Department of the Environment

About us | Contact us | Publications

Header imagesHeader imagesHeader images

Publications archive - Biodiversity


Key departmental publications, e.g. annual reports, budget papers and program guidelines are available in our online archive.

Much of the material listed on these archived web pages has been superseded, or served a particular purpose at a particular time. It may contain references to activities or policies that have no current application. Many archived documents may link to web pages that have moved or no longer exist, or may refer to other documents that are no longer available.

Management program for the Brushtail possum Trichosurus vulpecula (Kerr) in Tasmania - Review of background information

Prepared by Tasmanian Parks and Wildlife Service, October 1996

Crop protection

  1. Crop protection permit applications contain information on the type and area of the crop requiring protection, the locality of the property, the pest species and the method of control. The following uses this information to determine the magnitude of the crop protection problem in Tasmania and identify which areas crop damage by possums is most prevalent.

Crop Protection Permit Trends

  1. As mentioned previously, the fall in skin prices since 1980 has led to a decline in the number of commercial permits issued. As commercial hunting has decreased the demand for crop protection permits has increased. This is illustrated in Figure 3 which contrasts the number of crop protection permits and commercial permits issued since 1983. The rise in demand for crop protection permits was accompanied by a significant increase in brushtail possum abundance (see Figure 8).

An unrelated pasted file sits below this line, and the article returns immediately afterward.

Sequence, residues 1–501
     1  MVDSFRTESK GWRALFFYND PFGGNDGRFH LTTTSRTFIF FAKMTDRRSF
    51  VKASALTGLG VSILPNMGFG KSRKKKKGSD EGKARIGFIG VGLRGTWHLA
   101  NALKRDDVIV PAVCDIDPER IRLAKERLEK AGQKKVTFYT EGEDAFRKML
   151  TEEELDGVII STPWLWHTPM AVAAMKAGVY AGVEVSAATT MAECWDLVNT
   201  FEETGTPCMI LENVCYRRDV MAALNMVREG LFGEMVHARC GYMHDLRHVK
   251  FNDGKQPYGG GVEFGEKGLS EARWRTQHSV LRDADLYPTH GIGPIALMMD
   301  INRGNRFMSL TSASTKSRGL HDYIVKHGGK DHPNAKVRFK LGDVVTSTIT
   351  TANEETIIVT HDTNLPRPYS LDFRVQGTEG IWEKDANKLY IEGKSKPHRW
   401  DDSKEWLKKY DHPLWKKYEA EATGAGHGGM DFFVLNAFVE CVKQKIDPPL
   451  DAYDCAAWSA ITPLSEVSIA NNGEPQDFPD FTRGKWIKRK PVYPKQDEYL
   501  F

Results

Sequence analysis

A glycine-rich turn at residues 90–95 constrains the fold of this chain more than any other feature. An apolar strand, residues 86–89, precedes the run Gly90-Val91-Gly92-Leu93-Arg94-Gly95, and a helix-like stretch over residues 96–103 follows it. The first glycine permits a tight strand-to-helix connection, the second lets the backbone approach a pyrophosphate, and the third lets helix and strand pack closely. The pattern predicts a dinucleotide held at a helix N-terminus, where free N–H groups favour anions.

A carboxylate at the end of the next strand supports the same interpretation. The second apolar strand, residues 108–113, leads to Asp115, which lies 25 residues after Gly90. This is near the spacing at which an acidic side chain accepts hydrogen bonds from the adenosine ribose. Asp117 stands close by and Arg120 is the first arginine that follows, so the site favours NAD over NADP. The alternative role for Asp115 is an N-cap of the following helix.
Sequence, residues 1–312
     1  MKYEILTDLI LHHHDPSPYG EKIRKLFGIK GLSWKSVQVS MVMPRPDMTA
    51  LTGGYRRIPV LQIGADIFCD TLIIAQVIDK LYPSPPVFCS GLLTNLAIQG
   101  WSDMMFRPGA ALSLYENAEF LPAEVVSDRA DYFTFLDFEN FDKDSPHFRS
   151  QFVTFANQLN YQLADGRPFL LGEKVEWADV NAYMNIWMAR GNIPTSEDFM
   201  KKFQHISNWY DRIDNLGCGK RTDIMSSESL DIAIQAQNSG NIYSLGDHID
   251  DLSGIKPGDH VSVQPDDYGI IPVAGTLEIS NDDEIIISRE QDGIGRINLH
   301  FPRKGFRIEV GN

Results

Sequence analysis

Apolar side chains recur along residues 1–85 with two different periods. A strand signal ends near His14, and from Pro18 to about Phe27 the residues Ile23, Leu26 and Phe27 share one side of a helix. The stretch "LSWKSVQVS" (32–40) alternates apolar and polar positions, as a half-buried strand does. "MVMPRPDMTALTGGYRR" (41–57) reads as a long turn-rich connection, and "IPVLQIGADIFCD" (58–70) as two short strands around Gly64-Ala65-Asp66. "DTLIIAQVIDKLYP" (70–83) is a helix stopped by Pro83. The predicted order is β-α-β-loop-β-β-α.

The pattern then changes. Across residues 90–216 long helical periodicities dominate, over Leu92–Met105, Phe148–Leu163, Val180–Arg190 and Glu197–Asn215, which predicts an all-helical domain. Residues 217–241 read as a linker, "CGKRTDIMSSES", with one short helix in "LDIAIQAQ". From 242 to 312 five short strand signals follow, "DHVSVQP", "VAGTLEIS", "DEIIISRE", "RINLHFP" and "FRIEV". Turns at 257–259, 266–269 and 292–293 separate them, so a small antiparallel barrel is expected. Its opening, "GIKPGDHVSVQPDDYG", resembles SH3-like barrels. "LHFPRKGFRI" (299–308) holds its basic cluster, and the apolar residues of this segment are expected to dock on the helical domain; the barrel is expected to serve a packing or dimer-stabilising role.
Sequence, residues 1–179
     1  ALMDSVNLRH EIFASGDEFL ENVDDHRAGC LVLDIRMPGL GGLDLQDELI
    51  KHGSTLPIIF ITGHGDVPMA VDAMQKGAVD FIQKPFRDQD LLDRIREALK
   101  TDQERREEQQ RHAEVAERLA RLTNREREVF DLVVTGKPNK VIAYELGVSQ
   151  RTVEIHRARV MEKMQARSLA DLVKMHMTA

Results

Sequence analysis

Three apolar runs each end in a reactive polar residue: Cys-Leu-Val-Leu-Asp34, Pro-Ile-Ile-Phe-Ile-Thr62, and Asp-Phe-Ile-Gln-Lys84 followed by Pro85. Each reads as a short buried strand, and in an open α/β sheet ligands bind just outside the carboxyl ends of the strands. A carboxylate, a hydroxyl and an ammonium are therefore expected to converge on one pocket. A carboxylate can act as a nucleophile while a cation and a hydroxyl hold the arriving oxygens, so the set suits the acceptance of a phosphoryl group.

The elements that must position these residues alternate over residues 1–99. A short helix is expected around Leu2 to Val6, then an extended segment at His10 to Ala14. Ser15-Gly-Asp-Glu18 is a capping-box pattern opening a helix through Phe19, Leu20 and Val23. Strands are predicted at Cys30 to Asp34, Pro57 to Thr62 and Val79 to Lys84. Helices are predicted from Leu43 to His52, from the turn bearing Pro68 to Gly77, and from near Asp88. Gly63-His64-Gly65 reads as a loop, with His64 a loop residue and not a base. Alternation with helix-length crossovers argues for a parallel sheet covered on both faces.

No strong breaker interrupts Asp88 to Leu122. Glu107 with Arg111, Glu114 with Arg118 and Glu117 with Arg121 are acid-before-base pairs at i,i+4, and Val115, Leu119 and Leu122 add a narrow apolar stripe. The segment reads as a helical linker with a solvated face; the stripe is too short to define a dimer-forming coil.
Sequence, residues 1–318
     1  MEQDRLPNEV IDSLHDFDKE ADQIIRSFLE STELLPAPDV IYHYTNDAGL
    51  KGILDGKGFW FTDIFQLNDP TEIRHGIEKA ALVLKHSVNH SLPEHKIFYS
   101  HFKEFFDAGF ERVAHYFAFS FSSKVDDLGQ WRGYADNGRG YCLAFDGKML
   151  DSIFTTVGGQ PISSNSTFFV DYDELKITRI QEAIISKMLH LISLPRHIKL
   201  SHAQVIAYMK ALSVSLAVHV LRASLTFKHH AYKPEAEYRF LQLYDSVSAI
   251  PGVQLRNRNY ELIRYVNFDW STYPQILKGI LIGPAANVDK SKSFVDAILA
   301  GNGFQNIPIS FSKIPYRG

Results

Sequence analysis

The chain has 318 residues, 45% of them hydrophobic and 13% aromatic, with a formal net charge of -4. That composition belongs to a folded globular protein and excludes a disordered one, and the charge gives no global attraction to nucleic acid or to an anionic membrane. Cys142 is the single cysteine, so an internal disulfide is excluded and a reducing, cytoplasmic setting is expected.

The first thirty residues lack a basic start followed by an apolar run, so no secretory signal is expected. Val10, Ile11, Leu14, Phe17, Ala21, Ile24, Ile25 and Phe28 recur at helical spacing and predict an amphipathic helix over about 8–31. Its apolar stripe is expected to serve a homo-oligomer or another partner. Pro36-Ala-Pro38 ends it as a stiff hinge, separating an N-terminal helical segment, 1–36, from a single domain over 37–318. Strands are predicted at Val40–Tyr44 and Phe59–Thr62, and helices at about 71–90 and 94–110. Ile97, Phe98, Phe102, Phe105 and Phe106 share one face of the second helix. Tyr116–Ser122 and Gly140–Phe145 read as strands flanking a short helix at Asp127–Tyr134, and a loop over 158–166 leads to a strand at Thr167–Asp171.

Regional Trends in Crop Protection

  1. Table 2 shows that 68% of crop protection permits are issued to landholders in the midlands and southeast which together comprise less than 25% of the area of Tasmania. Indeed, the highest numbers of both commercial and crop protection permits were issued for the midlands region with the southeast of Tasmania also figuring highly for both types of permit.
Table 2: Percentage of all crop protection permits issued per region 1989-1994
Region % of all Permits
1. North West 0.8
2. North 8.1
3. North East 8.5
4. West 0.3
5. Central 6.9
6. Midlands 44.5
7. East 2.8
8. South East 23.6
9. South West 4.6
Tasmania 100.0
  1. The increase in the number of crop protection permits issued in recent years is examined by region in Figure 4. This shows that most regions have undergone a significant increase in the number of permits issued. Regions 6 and 8, the midlands and southeast of Tasmania respectively, show the greatest increase of all nine regions. Both of these regions have undergone massive increases in possum numbers since 1985 Figure 9.

Type of Crop and Method of Crop Protection